W. James Singleton
Civil Rights
, National Guard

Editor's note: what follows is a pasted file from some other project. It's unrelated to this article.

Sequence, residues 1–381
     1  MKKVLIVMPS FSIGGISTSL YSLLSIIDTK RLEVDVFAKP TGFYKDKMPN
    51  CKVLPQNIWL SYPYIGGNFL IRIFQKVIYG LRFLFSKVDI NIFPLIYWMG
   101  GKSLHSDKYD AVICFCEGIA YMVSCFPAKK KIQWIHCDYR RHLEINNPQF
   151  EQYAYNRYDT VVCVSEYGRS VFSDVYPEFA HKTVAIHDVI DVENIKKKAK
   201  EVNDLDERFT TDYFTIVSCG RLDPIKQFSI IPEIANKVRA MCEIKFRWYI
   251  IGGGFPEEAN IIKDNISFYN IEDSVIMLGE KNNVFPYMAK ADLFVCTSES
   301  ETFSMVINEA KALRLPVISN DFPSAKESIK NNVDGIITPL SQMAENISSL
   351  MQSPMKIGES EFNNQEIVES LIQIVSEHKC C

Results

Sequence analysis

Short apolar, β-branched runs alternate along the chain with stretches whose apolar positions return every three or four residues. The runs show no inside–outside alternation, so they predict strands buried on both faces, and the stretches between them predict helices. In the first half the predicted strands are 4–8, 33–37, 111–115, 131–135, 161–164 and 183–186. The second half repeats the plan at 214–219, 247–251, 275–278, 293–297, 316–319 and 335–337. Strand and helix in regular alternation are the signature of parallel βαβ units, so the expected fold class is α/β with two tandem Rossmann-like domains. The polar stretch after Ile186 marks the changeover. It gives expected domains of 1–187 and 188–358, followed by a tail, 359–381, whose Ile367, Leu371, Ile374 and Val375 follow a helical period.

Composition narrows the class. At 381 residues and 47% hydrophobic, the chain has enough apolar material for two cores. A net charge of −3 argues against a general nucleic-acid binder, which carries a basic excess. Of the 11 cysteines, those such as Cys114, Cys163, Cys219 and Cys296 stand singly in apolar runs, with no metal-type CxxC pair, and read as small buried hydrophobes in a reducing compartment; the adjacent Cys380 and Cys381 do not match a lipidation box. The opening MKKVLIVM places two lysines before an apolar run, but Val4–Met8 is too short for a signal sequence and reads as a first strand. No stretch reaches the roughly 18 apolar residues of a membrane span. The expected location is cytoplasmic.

He was born in Frierson, Louisiana, to Sally Singleton. That was also the name of his great-grandmother, who, with his great-grandfather, raised him and two cousins "like brothers and sisters," as he recalls. Willie began life on a cotton farm where both great-grandparents worked in the fields. Shortly before his great-grandfather died, he purchased a few acres of land where Willie lived. His great-grandmother struggled financially to raise the children. "She understood the value of a penny," he says of her and her small salary of $77 a month. To help the family Willie worked at several chores, including picking cotton, and repaired and sold bicycles. Meanwhile, he earned perfect attendance in school through 12 years. "That cotton patch motivated me more than anything else," he comments about his desire to learn. Willie graduated from Second Ward High School at age 16. He completed Southern University in Baton Rouge in three years, and finished law school in three years as well. While going to school he worked at Globe Shopping Center. Willie entered the Louisiana National Guard after law school, and was trained as an infantryman. In 1974, he was the first African-American to run for mayor of Shreveport. In 1976 he was elected to Caddo Parish Police Jury, where he served for seven years. He then won a seat in the state legislature and served 12 years. Meanwhile, in his law practice, he specialized in class-action cases. In a suit against a major tobacco company his law firm won $591 million. He chaired the judiciary committee in the legislature and increased the number of black judges in the state from six to 80. On November 22, 1990 he married Jacqueline Hurst. He has three children and one grandchild.